The American Principle

Economist Paul Krugman has written an editorial for The New York Times, titled, “The Pastrami Principle,” in which he uses a Twitter exchange between Jeb Bush and Bill de Blasio.  In February, Bush tweeted a picture of a handgun he had recently acquired in an effort to save his sinking campaign, captioned “America,” and the mayor of New York City responded with a photograph of a pastrami sandwich, using the same caption.

Krugman is concerned about the dispute between Hillary Clinton and Bernie Sanders over primary delegates and what part of the electorate supports which candidate.  The Sanders campaign has pointed out that Clinton’s support so far has been concentrated in the south, in his view a group of more conservative voters.  To Krugman, this ignores the enthusiasm for Clinton among African Americans, thereby being divisive about who are the real Americans in the same way that Bush and de Blasio did.

But Krugman is doing exactly what he accuses others of doing when he claims that showing a picture of a handgun is an expression of “the common Republican theme that only certain people—white, gun-owning, rural or small-town citizens—embody the true spirit of the nation.”

Motives are always easy to ascribe and harder to prove, though it is safe to say that Bush was trying to appeal to those of us who support gun rights.  In that way, he was playing a game that politicians on both sides of the aisle have played—John Kerry holding a shotgun comes to mind.

As gun owners and rights supporters, though, we have to consider the claim being made that a picture of a firearm is itself divisive.  Gun ownership is tilted south and west in this country.  It’s an interesting question to ask whether the low rates in New York—state and city—for example are due to a lack of demand or to the laws that make ownership difficult.  However, my focus here is to say that Krugman is missing what it means to be an American.

Showing a handgun in a tweet may be a good way to draw in gun owners, but is it necessarily exclusionary?  If presidential candidate John Smith is a Cubs fan and candidate Jane Doe never misses a Cowboys game, does that mean either of them would not be good leaders for people in this nation who follow other teams—or no team?  Does the mayor’s tweet of a pastrami sandwich declare vegans to be something other than New Yorkers?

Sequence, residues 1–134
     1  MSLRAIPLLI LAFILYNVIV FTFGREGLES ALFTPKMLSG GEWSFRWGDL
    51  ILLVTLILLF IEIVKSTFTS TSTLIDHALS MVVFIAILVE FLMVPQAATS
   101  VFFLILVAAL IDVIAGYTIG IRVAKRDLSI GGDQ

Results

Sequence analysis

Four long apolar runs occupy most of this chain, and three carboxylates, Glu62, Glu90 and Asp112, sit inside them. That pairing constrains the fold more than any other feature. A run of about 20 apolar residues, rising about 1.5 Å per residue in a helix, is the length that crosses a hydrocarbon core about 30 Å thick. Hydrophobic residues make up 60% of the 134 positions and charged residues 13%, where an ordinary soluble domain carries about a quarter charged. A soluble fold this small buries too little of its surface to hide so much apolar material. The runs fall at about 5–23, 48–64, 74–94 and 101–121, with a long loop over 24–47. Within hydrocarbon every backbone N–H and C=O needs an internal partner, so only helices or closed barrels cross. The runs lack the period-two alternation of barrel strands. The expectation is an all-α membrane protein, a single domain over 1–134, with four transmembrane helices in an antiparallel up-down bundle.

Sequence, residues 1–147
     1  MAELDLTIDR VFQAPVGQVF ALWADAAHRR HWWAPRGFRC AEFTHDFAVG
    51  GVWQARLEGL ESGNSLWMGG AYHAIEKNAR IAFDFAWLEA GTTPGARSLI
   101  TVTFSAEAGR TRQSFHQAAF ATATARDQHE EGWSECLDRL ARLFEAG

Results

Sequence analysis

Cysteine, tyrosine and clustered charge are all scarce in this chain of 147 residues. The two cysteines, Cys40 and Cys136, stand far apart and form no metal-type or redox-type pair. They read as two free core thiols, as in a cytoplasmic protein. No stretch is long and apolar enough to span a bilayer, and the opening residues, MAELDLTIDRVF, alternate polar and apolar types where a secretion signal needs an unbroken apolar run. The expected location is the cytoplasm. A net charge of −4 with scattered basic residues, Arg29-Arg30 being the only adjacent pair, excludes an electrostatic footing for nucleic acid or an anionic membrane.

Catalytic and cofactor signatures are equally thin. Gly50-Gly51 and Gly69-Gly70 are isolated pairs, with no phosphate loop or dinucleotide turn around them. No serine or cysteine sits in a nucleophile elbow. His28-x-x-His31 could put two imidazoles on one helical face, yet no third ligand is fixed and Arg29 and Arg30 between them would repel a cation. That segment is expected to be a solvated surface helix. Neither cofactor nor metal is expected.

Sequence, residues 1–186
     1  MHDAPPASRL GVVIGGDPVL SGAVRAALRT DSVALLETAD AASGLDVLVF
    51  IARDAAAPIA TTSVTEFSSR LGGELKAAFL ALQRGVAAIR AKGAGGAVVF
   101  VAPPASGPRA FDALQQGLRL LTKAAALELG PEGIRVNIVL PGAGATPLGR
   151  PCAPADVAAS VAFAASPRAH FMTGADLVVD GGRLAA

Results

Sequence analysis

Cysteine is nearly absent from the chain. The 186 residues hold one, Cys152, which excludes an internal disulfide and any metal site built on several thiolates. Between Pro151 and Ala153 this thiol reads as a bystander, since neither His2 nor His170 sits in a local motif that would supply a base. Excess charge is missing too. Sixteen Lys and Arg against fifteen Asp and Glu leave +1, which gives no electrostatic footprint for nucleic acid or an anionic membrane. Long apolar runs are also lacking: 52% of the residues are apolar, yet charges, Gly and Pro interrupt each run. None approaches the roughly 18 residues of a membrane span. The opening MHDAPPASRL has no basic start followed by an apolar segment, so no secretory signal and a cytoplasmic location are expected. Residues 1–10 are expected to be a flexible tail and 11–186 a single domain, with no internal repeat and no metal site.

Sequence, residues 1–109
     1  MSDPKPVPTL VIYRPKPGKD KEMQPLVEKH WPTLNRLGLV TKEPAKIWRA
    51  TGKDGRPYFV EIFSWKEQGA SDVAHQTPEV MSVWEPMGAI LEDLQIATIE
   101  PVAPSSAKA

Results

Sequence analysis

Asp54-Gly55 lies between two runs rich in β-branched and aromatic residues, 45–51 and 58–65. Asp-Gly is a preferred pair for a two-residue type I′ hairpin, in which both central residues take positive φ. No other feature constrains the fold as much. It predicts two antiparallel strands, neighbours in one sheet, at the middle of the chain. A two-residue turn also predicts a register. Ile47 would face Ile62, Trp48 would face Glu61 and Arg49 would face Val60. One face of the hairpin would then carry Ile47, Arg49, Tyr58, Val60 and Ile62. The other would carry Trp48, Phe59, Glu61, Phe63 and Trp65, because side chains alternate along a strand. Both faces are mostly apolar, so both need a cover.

The difficulty in identifying a simple American principle is that we are not a nation established on the basis of ancestry, religion, or compact geography.  The founding documents—the Declaration of Independence and the Constitution—make it clear that our principle is one of freedom, of acceptance of ways of life that some particular majority doesn’t practice.  The argument made by gun control advocates too often sounds like the Coalition to Stop Gun Violence’s claim that the NRA holds an insurrectionist philosophy.  At times, we who support gun rights do take the opposite stance that anyone who isn’t with us is against us.  The better approach is to say that freedom as a grounding principle means that we each get to do as we please, so long as we don’t prevent others from making their own choices.

An American can eat bean sprouts or pastrami, can live in New York or on a ranch in Montana, can decide never to touch a gun or to own a large collection.  As Krugman states in the end of his article, “we’re all real Americans.”  If he means that, he and I are in agreement.  But the implication of what he concludes has to be carried out—we have to be free to be different for America to work.

The views and opinions expressed in this post are those of the author’s and do not necessarily reflect the position of

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